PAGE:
On one hand anxiety is still something I don't want to talk about. On the other hand, it's something people need to be able to discuss. Speaking from experience, not being able to talk about something is a barrier to getting help, so maybe the more people who are able to talk about this sort of thing the better.

And, yeah, the last couple weeks have been rough. Sometimes really rough.

I wrote the following on August 4th, Monday of last week. I figured I may as well finally hit the "publish" button even though, yeah, I did also write another post about anxiety a few days ago. Who knows, I may write more on it soon, depending on whether writing seems to help.

... ... ...

I went to the doctor this morning because of dizziness. I've also been having more frequent migraines and a few other symptoms that have caused me to get behind on my schoolwork, but dizziness has been the big one for much of the last week. Or rather, it was the only big one that I intended to discuss with the doc, though she managed to find the other big one that's possibly a worse problem. I'm not sure what I said to tip her off, but she also asked if I've been having anxiety.

Am I dealing with anxiety? Yes, definitely, yes. And it's not a new thing, either. I'm certainly not happy with it, but I'm used to it. Resigned to it, I guess you could say. When I was younger I could talk about it quite easily, and one doctor I was seeing for ADHD decided to treat the anxiety I was constantly talking about instead of what I'd originally gone to him for. That turned out to be an excellent idea on his part. So I went on Prozac when I was eighteen, and stayed on it until a couple years ago.

I'm not sure when the anxiety crept up on me again. But it did, and I mostly kept it to myself. That was easy since it typically only strikes at night while I'm alone; if I'm with someone or it's daylight out the anxiety isn't likely to be a problem. I did say something quietly about it at first, and of course my family could see that I got nightlights for my bedroom. I'm sure they also sometimes noticed when I slept with my bedroom light on, which I've done on occasion. But I tried to handle it quietly, by myself, and I didn't even tell my boyfriend until it had me crying on him recently.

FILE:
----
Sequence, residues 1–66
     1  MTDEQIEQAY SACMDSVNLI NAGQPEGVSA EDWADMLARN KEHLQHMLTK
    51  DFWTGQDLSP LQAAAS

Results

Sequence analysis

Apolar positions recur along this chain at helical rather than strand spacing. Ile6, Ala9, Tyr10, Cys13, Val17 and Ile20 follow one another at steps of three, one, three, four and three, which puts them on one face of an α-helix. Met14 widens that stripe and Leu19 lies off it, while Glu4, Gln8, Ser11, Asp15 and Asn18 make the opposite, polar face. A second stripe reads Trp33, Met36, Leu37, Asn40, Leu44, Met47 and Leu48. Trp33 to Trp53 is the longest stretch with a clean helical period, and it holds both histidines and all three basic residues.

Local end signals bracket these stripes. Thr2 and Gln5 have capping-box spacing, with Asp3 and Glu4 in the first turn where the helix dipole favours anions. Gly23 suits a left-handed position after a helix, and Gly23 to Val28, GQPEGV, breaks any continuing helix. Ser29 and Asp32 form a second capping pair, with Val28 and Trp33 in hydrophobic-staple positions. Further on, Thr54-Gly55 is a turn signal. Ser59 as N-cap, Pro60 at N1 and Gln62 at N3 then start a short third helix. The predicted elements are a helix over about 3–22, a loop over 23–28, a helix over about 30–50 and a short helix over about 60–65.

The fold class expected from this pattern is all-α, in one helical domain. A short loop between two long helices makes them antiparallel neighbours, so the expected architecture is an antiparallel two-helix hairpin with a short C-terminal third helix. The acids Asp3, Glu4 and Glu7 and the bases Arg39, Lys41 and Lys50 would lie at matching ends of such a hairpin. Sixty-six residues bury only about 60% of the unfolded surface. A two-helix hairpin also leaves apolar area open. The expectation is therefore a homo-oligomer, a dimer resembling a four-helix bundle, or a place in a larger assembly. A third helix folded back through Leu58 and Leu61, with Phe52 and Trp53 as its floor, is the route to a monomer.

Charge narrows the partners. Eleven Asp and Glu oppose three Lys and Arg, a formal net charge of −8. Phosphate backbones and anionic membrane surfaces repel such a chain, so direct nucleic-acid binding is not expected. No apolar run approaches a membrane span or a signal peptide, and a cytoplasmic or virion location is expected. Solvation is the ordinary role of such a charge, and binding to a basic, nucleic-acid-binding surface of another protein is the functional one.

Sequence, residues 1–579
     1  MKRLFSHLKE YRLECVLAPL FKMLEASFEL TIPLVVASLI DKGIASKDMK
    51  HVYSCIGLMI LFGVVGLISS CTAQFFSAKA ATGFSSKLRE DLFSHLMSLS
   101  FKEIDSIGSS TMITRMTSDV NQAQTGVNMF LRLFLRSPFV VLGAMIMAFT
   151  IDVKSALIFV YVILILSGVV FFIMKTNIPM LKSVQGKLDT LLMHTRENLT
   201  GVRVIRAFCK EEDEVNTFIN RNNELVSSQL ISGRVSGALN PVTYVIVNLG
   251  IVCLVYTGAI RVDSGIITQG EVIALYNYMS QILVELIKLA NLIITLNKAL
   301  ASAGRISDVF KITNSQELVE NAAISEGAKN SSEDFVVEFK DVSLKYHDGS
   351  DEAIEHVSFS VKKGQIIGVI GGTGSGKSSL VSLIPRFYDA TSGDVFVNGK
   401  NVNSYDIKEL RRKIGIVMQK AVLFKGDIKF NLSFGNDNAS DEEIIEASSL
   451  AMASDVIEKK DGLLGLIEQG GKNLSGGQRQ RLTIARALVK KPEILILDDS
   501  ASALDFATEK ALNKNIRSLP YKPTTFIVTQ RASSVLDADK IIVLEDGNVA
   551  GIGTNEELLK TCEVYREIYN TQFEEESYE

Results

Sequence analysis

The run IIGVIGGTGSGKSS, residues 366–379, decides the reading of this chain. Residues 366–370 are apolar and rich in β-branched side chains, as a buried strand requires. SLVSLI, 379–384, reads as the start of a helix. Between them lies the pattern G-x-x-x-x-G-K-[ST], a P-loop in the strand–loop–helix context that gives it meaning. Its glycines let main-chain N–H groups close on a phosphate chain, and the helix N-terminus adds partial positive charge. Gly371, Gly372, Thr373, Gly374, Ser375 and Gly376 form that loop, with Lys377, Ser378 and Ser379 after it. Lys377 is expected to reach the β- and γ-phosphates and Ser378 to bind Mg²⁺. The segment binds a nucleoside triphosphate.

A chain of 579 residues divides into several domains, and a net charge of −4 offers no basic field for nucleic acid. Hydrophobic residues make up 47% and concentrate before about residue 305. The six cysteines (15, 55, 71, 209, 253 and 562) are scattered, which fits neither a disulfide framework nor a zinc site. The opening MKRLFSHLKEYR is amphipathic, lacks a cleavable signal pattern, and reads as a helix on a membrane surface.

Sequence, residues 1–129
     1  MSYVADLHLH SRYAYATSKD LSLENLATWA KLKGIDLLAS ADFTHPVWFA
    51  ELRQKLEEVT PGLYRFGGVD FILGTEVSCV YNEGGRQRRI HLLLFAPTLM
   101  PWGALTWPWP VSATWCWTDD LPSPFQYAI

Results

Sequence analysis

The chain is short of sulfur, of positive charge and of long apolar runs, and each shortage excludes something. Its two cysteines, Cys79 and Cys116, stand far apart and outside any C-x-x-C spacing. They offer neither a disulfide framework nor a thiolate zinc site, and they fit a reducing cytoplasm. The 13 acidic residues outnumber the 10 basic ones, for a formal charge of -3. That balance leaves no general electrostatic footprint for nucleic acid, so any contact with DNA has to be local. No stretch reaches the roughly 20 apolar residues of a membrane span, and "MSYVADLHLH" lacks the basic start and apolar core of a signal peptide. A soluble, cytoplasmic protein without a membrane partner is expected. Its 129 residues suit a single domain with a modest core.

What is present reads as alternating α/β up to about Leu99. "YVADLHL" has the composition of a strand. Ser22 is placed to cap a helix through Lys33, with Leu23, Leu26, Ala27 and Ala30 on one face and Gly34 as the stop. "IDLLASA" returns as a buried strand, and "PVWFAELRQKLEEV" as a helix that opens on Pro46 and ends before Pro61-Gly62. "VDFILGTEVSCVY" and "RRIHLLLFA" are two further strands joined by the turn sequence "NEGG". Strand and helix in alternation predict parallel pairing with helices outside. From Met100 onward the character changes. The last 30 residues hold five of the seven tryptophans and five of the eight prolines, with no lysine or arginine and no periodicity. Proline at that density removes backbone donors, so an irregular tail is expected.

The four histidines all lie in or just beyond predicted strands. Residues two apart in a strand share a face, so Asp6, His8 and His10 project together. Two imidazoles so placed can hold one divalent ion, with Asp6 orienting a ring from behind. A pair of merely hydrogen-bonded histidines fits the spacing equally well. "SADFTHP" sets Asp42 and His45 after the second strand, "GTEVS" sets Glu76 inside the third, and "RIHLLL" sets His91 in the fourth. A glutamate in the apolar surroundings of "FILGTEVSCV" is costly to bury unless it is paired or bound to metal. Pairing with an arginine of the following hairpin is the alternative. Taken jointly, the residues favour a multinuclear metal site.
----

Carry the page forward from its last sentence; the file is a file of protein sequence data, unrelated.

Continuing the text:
For some reason I didn't seriously consider getting treatment for it. Sure, the Prozac helped before, but I didn't particularly want to go back on it again (side effects) and I'm wary of trying new meds (too many experiences involving unfortunate side effects). Having trouble talking about it was also a barrier to getting help.

Although I still don't know why I've had so much trouble talking about it, I finally know just how difficult getting help really is. I'm facing the anxiety head on again by taking a new medication for it, and what's my response? Panic attacks. Not the worst panic attacks I've ever heard about someone having, but they're completely new to me. And scary.

Imagine being afraid that something will happen to you, and your fear causes it to happen.

I don't know if I'll publish or delete this post, but I thought writing it (and attempting a rewrite that will read better than my original attempt) might help. I probably will publish this because silence obviously didn't help, so maybe opening up will. And how much more open can I be than putting this online where the world can see it? Maybe I can even figure out why I thought that I had to deal with things alone this time around.

Monday, August 11, 2014


You may remember that I used to be a music therapy major. That didn't work out for me since I really shouldn't study music academically, so I went back to my books as an English major. But there's one question from the interview for the music therapy program that I've been thinking about in the last week.

That question was whether I'd be willing to seek treatment myself. As I recall, I saw the question as being less about going in for something like the flu and more about whether I could seek treatment for ADHD, depression, know, mental health stuff.

My answer at the time was an immediate yes. It was almost a "Well duh," and I went on to clarify that I had gone to a doctor for help managing my ADHD.

At the time I genuinely had no problem talking about my problems, or going to a doctor for help.

Somehow that changed.

I used to be on Prozac for an anxiety disorder, but decided to try coming off of it a couple years ago. The anxiety crept up on me again, and I didn't ask for help. I thought I needed to deal with it quietly by myself, and it wasn't until last week that I started getting help for it. But I'm not getting help because I asked for it. I'm getting help because I somehow said something to my doctor that gave it away, and after a bit of talking about medications we picked a new one for me to try.

In the last week I've struggled with (new) panic attacks, and more anxiety in general. (It seems that having the issue being addressed before I was prepared just worsened things temporarily.) But I've also been thinking back to that interview when I was able to say "Well, yes, of course I would seek treatment," and wondering how that changed.